“We are very pleased, but not surprised, with the Court’s decision in our favor,” said Jack Golsen, LSB’s Chairman and Chief Executive Officer. “Although an appeal of the decision is possible, we look forward to continuing to focus on our business operations without the distraction of this litigation.”LSB is a manufacturing and marketing company. LSB’s principal business activities consist of the manufacture and sale of commercial and residential climate control products, such as geothermal and water source heat pumps, hydronic fan coils, modular chillers and large custom air handlers; and the manufacture and sale of chemical products for the agriculture, mining and industrial markets.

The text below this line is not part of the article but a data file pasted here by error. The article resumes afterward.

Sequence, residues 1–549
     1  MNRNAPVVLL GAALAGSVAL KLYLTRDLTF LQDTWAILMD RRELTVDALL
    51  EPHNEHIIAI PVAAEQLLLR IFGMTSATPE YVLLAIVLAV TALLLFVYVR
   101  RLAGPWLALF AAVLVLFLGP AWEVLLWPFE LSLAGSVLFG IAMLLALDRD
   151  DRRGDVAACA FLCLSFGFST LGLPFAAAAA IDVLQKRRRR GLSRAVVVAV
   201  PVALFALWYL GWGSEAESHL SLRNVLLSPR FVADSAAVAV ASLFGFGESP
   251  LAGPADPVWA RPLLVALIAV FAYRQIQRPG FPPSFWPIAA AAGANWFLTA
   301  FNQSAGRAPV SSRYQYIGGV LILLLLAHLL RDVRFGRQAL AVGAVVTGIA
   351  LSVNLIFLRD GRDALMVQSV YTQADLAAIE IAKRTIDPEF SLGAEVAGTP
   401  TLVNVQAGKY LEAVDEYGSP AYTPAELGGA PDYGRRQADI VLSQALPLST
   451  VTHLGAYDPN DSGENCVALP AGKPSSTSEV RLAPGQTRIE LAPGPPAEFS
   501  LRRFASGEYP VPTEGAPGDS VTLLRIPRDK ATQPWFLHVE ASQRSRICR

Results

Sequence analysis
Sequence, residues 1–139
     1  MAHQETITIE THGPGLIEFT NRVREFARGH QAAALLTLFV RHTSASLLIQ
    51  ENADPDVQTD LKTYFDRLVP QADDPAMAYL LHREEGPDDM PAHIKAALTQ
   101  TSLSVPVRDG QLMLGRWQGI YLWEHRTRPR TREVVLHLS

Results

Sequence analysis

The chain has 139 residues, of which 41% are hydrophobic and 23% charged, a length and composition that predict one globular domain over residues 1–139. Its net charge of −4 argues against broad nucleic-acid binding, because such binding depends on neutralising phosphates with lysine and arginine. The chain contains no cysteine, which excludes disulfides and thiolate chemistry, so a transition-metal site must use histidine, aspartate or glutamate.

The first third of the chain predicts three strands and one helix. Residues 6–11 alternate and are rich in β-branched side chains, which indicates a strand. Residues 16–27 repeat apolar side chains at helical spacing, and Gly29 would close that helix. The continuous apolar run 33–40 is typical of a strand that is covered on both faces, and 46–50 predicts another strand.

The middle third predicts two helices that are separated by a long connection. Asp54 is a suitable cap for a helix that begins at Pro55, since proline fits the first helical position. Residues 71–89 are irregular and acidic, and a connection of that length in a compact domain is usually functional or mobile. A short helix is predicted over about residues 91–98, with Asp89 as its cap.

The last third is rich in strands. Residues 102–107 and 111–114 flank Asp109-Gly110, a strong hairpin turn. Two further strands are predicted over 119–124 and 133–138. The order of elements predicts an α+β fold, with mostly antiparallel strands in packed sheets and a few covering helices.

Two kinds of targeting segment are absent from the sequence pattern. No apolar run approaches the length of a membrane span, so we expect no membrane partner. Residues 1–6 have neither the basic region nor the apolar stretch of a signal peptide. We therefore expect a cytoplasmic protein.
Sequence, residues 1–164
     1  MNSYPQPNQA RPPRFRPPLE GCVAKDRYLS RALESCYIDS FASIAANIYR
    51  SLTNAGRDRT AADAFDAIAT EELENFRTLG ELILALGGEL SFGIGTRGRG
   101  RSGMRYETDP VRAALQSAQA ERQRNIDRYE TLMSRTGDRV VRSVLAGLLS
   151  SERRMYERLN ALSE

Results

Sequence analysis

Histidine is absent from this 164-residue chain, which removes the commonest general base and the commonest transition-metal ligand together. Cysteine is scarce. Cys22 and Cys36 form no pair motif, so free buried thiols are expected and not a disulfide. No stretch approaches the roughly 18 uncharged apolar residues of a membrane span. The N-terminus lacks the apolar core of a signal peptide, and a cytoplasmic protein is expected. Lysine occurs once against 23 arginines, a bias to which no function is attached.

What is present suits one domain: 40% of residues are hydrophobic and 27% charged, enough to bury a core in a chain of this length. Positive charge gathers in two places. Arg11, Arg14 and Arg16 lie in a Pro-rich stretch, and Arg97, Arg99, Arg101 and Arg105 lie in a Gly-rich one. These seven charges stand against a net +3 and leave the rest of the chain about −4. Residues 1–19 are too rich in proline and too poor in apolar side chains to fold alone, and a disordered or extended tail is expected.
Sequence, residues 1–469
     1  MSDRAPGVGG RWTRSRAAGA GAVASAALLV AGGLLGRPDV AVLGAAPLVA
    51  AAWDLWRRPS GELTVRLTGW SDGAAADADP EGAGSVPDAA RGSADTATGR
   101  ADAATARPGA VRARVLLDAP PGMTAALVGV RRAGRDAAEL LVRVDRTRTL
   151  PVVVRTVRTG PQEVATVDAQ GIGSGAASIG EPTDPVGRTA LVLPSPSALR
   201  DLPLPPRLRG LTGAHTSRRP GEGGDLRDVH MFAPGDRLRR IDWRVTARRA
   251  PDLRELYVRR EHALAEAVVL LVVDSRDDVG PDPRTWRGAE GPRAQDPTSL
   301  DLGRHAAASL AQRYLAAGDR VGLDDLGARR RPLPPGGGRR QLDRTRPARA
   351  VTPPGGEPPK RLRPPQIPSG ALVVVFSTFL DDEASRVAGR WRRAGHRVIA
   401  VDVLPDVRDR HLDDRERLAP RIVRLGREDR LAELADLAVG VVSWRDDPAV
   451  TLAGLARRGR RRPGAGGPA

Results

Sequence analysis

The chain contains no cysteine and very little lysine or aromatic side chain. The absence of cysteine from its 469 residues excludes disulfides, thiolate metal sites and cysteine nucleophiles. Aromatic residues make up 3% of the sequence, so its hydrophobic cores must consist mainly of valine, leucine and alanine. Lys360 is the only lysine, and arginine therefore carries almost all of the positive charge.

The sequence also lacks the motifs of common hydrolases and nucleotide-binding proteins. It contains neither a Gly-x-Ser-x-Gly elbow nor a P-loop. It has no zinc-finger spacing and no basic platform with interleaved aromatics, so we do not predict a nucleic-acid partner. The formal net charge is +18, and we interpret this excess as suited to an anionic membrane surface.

LSB Industries, Inc. (“LSB”) (NYSE: LXU) today announced that the U.S. District Court for the District of Kansas issued its order entering judgment for LSB and against Jayhawk Capital Management and its affiliates (the “Jayhawk Group”) on all claims asserted by the Jayhawk Group in the previously disclosed lawsuit brought by the Jayhawk Group against LSB in connection with LSB’s exchange offer and thereafter LSB’s redemption in 2007 for its Series 2, $3.25 Convertible Exchangeable Class C Preferred Stock (the “Series 2 Preferred”). In 2007, LSB completed an exchange offer for all of its outstanding Series 2 Preferred at a rate of 7.4 shares of common stock for each share of Series 2 Preferred exchanged and thereafter redeemed the remaining outstanding balance of its Series 2 Preferred. The Jayhawk Group alleged that it should have been able to exchange all of its Series 2 Preferred in the exchange offer, notwithstanding a separate written agreement between LSB and the Jayhawk Group in which the Jayhawk Group agreed to exchange only approximately one-half of its shares of Series 2 Preferred. The lawsuit alleged fraudulent inducement and fraud, violation of the federal and Kansas securities laws, breach of fiduciary duty, and breach of contract. The Jayhawk Group sought damages of approximately $12 million, based upon the additional number of shares of common stock it allegedly would have received if Jayhawk had been allowed to exchange all of its Series 2 Preferred in connection with the 2007 exchange offer, plus punitive damages. In addition, the Jayhawk Group alleged that LSB breached its contract by not paying the Jayhawk Group approximately $4 million in accrued and unpaid dividends upon the Jayhawk Group’s conversion of its remaining Series 2 Preferred in connection with LSB’s redemption of the balance of its Series 2 Preferred. The court entered a judgment in favor of LSB on all of the claims made by Jayhawk Group in the lawsuit. The court’s opinion is available via Lexis at 2012 U.S. Dist. LEXIS 133429.